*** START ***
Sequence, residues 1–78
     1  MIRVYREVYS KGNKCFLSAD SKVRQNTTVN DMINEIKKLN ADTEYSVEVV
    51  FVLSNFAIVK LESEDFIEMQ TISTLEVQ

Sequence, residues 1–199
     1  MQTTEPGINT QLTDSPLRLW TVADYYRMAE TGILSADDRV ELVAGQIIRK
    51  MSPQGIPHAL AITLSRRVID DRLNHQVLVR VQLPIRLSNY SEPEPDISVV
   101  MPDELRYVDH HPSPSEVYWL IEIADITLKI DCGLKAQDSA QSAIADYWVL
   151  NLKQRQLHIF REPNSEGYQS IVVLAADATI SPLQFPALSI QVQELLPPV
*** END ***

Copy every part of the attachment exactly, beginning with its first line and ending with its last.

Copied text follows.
Sequence, residues 1–78
     1  MIRVYREVYS KGNKCFLSAD SKVRQNTTVN DMINEIKKLN ADTEYSVEVV
    51  FVLSNFAIVK LESEDFIEMQ TISTLEVQ

Sequence, residues 1–199
     1  MQTTEPGINT QLTDSPLRLW TVADYYRMAE TGILSADDRV ELVAGQIIRK
    51  MSPQGIPHAL AITLSRRVID DRLNHQVLVR VQLPIRLSNY SEPEPDISVV
   101  MPDELRYVDH HPSPSEVYWL IEIADITLKI DCGLKAQDSA QSAIADYWVL
   151  NLKQRQLHIF REPNSEGYQS IVVLAADATI SPLQFPALSI QVQELLPPV